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Among the more important authentic decisions are the following: The proper (own) parish priest of persons intending marriage is he in whose parish both (or one of) the contracting parties have a true domicile or quasi-domicile, i.e.a fixed residence or one that can be legally constructed as such.It is as follows: "Let therefore the candidate for baptism declare thus in his renunciation : 'I renounce Satan and his works and his pomps and his worship and his angels and his inventions and all things that are under him'.And after his renunciation let him in his consociation say: 'And I associate myself to Christ and believe and am baptized into one unbegotten being'", etc. (see MARRIAGE) In England the First Council of Westminster provided (xxii, 2) that the law of publishing in the church the banns of marriage must be observed, but made no provision for the manner or time of introducing the practice ( Taunton ). It must be noted that by the council's own special act its marriage decree "Tametsi", with its provision for the banns (see CLANDESTINITY ) is binding only in those parishes in which it has been severally promulgated ; hence, when such formal promulgation is lacking the obligation of proclaiming the banns rest not on the Tridentine law, but on the earlier Lateran canon, also on local or particular ecclesiastical legislation and custom.Tertullian, in his "De Coronâ", appears to hint at a twofold renunciation as common in his time, one which was made at the moment of baptism and another made sometime before, and publicly in the church, in the presence of the bishop.The form of this renunciation a found in the Apostolic Constitutions (VIII, 4) has a quaint interest.
Its object is to discover any impediments to a proposed marriage; incidentally, it makes known to all duly interested in the latter the fact of its near celebration. Moreover, the parish priest cannot refuse to publish the banns excepted for reasons stated in the canon law.
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bann-a,-i from an Old English verb, bannan , to summon). It is of some interest to note that by a decree of the Sacred Congregation of Inquisition (14 June, 1703) the French missionaries in Canada were obliged to publish the banns for their savage converts. i) that before the celebration of any marriage the names of the contracting parties should be announced publicly in the church during the solemninzation of Mass, by their own parish priest on three consecutive Holy Days (Waterworth, The Canons and Decrees of the Sacred and Œcumenical Council of Trent, London, 1848, 196 ssq.).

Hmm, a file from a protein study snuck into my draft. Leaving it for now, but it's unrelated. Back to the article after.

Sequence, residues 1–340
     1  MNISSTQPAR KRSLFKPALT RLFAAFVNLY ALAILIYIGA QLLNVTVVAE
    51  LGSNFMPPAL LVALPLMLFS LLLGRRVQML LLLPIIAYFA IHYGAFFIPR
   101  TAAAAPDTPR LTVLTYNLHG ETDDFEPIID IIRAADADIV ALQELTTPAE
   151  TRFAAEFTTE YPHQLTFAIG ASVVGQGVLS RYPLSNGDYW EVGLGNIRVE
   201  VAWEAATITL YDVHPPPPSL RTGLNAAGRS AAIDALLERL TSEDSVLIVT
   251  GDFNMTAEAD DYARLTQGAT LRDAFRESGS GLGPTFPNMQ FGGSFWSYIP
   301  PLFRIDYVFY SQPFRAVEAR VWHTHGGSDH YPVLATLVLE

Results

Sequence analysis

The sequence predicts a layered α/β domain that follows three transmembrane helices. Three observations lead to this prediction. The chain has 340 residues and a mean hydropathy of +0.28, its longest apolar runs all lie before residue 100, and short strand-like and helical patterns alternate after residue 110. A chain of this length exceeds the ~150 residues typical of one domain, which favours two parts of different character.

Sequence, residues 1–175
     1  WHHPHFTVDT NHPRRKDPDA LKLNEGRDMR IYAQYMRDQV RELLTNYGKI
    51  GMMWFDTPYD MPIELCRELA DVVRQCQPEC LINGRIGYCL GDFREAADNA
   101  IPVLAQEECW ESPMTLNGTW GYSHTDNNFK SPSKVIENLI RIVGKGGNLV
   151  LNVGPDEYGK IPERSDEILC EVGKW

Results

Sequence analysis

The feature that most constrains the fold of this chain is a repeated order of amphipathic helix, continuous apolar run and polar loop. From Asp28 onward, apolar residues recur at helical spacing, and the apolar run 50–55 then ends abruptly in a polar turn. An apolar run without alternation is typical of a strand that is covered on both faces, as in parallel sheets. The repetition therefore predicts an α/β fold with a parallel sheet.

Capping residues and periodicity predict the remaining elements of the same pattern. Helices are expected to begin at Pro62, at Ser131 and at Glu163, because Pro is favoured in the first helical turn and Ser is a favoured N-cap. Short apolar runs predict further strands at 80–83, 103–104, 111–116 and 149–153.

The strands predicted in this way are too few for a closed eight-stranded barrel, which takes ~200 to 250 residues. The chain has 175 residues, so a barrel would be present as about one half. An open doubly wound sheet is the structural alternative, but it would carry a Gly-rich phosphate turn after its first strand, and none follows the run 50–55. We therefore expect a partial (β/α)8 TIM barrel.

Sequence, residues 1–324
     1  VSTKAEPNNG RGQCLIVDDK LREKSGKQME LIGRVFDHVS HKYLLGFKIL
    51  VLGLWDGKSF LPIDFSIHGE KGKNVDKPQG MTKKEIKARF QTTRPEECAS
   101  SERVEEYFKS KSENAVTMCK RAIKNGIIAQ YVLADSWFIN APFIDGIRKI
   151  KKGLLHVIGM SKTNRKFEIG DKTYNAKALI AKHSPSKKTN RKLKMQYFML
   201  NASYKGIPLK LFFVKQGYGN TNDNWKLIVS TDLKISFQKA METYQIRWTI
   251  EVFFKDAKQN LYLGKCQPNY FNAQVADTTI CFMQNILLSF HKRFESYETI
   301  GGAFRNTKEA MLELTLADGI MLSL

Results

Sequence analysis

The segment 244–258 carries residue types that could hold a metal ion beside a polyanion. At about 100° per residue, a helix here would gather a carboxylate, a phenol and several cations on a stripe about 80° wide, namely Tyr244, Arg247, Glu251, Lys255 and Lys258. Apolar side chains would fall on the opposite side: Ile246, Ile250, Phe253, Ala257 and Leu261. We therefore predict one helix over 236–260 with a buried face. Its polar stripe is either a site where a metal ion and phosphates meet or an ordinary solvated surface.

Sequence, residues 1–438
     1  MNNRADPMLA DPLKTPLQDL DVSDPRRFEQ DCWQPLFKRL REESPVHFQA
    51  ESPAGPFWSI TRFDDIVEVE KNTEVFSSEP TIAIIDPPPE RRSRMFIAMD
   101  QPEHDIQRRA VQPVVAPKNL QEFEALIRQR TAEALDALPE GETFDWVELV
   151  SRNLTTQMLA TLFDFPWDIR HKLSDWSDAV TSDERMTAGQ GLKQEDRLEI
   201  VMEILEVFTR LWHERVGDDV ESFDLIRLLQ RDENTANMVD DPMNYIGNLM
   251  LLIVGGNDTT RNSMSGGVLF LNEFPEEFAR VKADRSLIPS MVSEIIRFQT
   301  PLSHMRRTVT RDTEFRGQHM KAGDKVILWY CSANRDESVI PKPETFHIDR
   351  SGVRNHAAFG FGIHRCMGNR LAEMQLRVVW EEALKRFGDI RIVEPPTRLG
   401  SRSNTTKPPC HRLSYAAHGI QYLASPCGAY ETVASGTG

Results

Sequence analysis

Hence the generally employed formula: syntassomai soi, Christe , "I surrender myself to thee, O Christ, to be ruled by thy precepts ".
This took place directly over the apotaxis or renunciation of the devil, and was variously described by the Latins as promissum, pactum, and votum .
(SEE DOMICILE, PARISH PRIEST, MARRIAGE.) It may be noted here that while in general a quasi-domicile is acquired by actual residence in a place with the intention of remaining there the greater part of the year, in England and in the United States the law presumes a quasi-domicile from one's months residence of either party in the place of the marriage. In the case of unsettled persons possessed of no domicile ( vagi ) the banns are published (with episcopal permission) where the marriage takes place, and in the place or places of their birth. The three consecutive Holy Days ( dies festivi ) may be Sundays or other feast of obligation.